Monday, April 2, 2012

John Maynard Keynes, The Investor

An excerpt from chapter 12 of The General Theory of Employment, Interest, and Money by John Maynard Keynes:

The chapter is one of three that Warren Buffett has said investors should read.

"Of the maxims of orthodox finance none, surely, is more anti-social than the fetish of liquidity, the doctrine that it is a positive virtue on the part of investment institutions to concentrate their resources upon the holding of "liquid" securities. It forgets that there is no such thing as liquidity of investment for the community as a whole. The social object of skilled investment should be to defeat the dark forces of time and ignorance which envelop our future. The actual, private object of the most skilled investment to-day is "to beat the gun", as the Americans so well express it, to outwit the crowd, and to pass the bad, or depreciating, half-crown to the other fellow.

This battle of wits to anticipate the basis of conventional valuation a few months hence, rather than the prospective yield of an investment over a long term of years, does not even require gulls amongst the public to feed the maws of the professional; — it can be played by professionals amongst themselves."

Later in the chapter Keynes equates this to games like Musical Chairs among others:

"These games can be played with zest and enjoyment, though...when the music stops some of the players will find themselves unseated."

In this Wall Street Journal article, Jason Zweig points out that Keynes was quite an investor. Well, at least he was once a change in investing styles occurred mid-career:
So an eight percent annual outperformance from 1924 to 1946.

Impressive, but clearly most of these exceptional results came after Keynes switched from the "macro" or "top-down" style to fundamental stock-picking.

In his earlier years, Keynes relied heavily upon monetary/economic signals to switch in and out of assets.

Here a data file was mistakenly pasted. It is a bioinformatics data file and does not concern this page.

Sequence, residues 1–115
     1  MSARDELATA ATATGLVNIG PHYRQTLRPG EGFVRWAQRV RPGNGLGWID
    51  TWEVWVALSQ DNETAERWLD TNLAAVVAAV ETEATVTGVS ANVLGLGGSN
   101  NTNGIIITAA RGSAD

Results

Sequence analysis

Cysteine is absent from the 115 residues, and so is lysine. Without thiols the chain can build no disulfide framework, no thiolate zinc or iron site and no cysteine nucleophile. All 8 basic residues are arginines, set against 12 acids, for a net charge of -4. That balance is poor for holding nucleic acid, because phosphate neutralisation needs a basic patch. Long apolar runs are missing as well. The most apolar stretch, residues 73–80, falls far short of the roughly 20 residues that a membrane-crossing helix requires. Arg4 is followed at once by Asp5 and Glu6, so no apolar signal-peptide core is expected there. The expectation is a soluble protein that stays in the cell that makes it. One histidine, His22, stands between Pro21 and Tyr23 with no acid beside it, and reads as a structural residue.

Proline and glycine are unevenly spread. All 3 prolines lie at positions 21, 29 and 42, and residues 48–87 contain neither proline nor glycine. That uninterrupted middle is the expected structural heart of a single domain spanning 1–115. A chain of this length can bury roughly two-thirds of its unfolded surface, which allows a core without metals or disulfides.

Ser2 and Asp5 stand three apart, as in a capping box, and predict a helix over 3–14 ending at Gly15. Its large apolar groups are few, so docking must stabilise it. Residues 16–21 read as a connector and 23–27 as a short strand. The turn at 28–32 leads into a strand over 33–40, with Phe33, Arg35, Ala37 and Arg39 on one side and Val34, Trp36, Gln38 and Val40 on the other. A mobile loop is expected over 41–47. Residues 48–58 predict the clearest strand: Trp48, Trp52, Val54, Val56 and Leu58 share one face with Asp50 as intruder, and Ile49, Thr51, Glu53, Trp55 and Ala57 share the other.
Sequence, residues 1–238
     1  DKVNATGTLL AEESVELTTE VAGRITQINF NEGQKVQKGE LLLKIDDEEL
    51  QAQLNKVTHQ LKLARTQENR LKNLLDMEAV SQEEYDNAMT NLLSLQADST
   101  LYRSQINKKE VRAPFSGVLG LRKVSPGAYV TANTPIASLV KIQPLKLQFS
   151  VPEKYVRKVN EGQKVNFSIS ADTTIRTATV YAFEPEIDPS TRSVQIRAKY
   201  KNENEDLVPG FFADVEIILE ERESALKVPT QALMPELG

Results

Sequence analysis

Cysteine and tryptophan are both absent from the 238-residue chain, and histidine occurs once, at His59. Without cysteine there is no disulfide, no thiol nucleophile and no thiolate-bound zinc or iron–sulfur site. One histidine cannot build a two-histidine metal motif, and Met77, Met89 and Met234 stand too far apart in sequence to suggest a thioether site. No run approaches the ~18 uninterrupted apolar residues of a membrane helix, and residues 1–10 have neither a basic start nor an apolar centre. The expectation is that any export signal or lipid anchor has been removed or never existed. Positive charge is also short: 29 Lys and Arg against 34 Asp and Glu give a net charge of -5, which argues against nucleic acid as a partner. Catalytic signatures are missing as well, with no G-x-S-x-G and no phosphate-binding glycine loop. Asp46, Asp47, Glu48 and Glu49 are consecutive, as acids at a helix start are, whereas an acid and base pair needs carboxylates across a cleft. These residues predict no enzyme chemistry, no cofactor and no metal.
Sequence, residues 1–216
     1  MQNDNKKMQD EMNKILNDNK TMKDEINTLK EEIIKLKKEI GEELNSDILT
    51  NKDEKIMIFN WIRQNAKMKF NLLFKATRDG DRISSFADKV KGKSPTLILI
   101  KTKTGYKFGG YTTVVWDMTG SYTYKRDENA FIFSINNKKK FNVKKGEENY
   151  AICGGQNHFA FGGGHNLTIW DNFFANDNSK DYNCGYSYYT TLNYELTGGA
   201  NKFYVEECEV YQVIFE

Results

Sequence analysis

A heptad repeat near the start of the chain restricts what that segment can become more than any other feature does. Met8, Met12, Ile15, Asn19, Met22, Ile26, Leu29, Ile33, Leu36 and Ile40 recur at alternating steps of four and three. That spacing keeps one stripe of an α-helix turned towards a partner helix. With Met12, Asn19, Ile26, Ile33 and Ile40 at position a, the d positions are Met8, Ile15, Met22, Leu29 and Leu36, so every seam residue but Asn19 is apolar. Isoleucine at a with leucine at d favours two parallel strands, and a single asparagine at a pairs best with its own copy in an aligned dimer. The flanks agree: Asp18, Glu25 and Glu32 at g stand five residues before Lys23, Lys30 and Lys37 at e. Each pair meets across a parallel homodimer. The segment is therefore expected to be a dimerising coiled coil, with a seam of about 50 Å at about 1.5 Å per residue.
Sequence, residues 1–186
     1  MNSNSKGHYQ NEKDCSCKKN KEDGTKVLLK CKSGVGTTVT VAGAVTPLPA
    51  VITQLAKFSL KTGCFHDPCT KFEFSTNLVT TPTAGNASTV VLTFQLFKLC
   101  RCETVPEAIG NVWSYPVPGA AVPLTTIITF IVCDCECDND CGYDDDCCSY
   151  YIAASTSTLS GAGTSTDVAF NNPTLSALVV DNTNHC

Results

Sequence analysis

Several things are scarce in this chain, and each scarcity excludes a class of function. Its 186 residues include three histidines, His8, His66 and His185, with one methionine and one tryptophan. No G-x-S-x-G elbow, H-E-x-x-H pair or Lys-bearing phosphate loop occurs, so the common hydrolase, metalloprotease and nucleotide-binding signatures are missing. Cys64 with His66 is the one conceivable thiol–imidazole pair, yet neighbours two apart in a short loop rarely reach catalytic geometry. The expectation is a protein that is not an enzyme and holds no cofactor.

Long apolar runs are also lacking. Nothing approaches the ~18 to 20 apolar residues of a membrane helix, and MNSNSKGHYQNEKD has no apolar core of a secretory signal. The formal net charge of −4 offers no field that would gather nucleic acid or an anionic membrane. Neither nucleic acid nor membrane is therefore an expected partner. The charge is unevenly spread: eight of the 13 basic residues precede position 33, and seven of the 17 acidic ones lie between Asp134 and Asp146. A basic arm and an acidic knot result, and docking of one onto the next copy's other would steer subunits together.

Using this earlier approach, Keynes went into the fall of 1929 with way too much stock exposure (83%) and paid for it.

Less than a few years after that experience, he switched from this "top down" approach to pure stock-picking focusing instead on the "bottom up" analysis of fundamentals.

Keynes also was known to concentrate his holdings (top five positions sometimes made up as much as 50% of the portfolio) and held shares for often more than five years.

Sound familiar? In Chapter 12 of The General Theory, Keynes said that the "spectacle of modern investment markets has sometimes moved me towards the conclusion" that they be set up in a way that will "force the investor to direct his mind to the long-term prospects and to those only."

Yet, Keynes also understood how difficult it was to get most market participants to act in this way.

The reason? There's a fundamental dilemma that impedes this from happening. More from Chapter 12:

"...the liquidity of investment markets often facilitates, though it sometimes impedes, the course of new investment. For the fact that each individual investor flatters himself that his commitment is "liquid" (though this cannot be true for all investors collectively) calms his nerves and makes him much more willing to run a risk."

Finding the right balance is a problem persists to this day. I think it's safe to say we've gone too far in the direction of liquidity by a long shot but the same forces seem at work.

You don't have to agree with some of the economic theories of Keynes (on things like the need, at times, for government intervention in the economy) to learn from him when it comes to investing.

Adam

Keynes: One Mean Money Manager - Jason Zweig, Wall Street Journal
The General Theory of Employment, Interest, and Money - John Maynard Keynes

HT: Gaurang Sathaye
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